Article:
5 Winning Strategies in Relationships

In one of my last articles, I outlined five interactions which are useless and damaging to your relationships, especially in our close loving partnerships. Here are five winning strategies, as Terry Real describes in his recording, “Fierce Intimacy”.

  1. Go After What You Want – Express Your Needs 

Express what you want and need and be assertive about getting it. Terry Real calls it “daring to rock the boat”, which is scary at times, especially when we seem to be cruising along smoothly. If we are overidentified with our Pleaser Part or our Peaceful Part, because we received the message during childhood that we will only be loved if we go along with everything, it can be terrifying to rock the boat. There are two things to consider. Firstly, it is your birthright to be in an equal cherishing relationship in which both partner’s needs are met. The second thing to realize is that if you do not find your voice and speak up for your needs and wants, resentment begins to grow, and resentment is a poison that slowly erodes the love between you and your partner. To stay with our metaphor, resentment drills little holes into your relationship boat.

Sometimes we have this idea that we should not have to ask for what we want and need and that our partner should just know what our needs are if he/she really loved us. Our partner is not a mind reader. We set them and ourselves up for failure with this attitude!

Furthermore, help your partner to succeed by telling him or her up front what you need or want instead of waiting for them to fail. Be encouraging and affirm your partner’s efforts by giving positive feedback. Terry Real calls this “celebrating the glass being 15% full”. If the glass was 5% full beforehand, this is a reason to celebrate and thus encourage your partner to keep going. With our children, we naturally do that. If your son or daughter made an improvement in school from a D to a C, you give them reinforcement to keep going and to eventually get to a B.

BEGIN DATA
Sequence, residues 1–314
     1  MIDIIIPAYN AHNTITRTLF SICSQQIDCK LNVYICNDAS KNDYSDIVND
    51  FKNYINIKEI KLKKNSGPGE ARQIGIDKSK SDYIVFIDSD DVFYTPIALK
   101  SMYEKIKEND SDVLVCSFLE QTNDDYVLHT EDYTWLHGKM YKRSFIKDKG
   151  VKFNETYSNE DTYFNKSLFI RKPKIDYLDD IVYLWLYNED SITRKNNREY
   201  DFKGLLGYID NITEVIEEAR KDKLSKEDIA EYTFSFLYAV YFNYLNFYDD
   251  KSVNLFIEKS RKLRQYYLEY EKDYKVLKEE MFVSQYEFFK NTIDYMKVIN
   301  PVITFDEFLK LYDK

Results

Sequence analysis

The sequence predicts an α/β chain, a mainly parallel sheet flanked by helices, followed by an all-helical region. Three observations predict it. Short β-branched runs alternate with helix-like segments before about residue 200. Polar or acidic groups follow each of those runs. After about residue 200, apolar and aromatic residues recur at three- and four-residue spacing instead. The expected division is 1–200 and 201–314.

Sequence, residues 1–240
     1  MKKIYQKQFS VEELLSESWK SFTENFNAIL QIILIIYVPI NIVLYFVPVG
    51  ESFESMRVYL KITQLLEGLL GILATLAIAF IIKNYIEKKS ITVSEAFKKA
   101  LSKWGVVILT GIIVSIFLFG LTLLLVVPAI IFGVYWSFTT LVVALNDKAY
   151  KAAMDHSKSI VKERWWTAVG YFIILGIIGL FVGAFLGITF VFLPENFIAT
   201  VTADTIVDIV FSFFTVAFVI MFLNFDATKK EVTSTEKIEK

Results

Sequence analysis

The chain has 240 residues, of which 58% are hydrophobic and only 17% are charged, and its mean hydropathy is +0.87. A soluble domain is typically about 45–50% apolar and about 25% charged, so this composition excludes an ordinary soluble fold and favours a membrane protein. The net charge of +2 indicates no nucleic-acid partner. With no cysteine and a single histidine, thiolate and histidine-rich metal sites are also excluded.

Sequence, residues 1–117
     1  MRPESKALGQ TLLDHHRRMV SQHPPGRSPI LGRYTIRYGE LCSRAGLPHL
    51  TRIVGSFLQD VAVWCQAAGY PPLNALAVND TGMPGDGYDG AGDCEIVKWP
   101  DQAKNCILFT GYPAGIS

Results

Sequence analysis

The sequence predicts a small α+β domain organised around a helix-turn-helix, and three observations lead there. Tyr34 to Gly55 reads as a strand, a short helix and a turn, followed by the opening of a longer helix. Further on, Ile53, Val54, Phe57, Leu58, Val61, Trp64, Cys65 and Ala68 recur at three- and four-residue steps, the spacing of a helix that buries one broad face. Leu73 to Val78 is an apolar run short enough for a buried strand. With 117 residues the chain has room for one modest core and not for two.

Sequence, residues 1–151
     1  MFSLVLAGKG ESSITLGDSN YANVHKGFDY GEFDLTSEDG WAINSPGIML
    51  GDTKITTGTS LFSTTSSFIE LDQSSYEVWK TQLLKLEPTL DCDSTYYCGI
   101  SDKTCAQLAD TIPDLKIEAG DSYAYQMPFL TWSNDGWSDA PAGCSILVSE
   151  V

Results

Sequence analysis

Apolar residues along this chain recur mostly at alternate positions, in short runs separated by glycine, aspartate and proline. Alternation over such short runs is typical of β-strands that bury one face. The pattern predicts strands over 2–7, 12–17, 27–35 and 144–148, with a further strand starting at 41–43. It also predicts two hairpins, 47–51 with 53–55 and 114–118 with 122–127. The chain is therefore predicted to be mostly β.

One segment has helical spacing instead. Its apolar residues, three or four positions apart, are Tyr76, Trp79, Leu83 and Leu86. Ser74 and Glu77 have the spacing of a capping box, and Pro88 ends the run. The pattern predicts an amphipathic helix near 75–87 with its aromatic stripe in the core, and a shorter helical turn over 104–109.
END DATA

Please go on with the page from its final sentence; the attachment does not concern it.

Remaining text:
1. Speak to Make Things Better 

Speak to your partner with love. Before you speak, drop down into your heart and speak from there. If you are too triggered to do that, take a time out until you are able to interact from a more centred place. Remind yourself that you want to speak to make repairs not to make things worse. Learn how to be assertive and loving at the same time. Make sure your partner knows that you love them but that you also need to respect yourself and your needs and feelings.

Make very clear requests using I-statements. There is nothing you need to say that cannot be phrased as a subjective I statement. This helps us to stay away from judgments or accusing the other person. One method for good communication is the five steps of the non-violent communication by Marshall Rosenberg as described in my article “Having Our Needs met in Relationships“.

Speak respectfully and be prepared that not all your requests will be met. You could say “I would like to talk to you about… Is this a good time?” We need to be able to also tolerate small disappointments. Your partner might reply, “I am tired right now. Can we talk about this tomorrow?” Terry Real even takes it so far as to say we need to “celebrate the no”. Celebrating the no means to be proud of your partner when they say “no” to take care of themselves and meet their own needs, and be proud of yourself for being adaptable and grow-up when you don’t get everything you want in the moment when you want it.

 

  1. Listen to understand 

Before we can respond, we need to really listen. Getting defensive, whether that is out loud or in our heads, is not true listening. We need to put our own feelings aside while we are listening. Listening is also not about arguing about the facts and wanting to be right. Wanting to be right is one of the 5 losing strategies. Listening means entering into your partner’s subjective experience. What do they feel and how do they see things? Be a friendly interviewer who really wants to understand the perspective of the other person.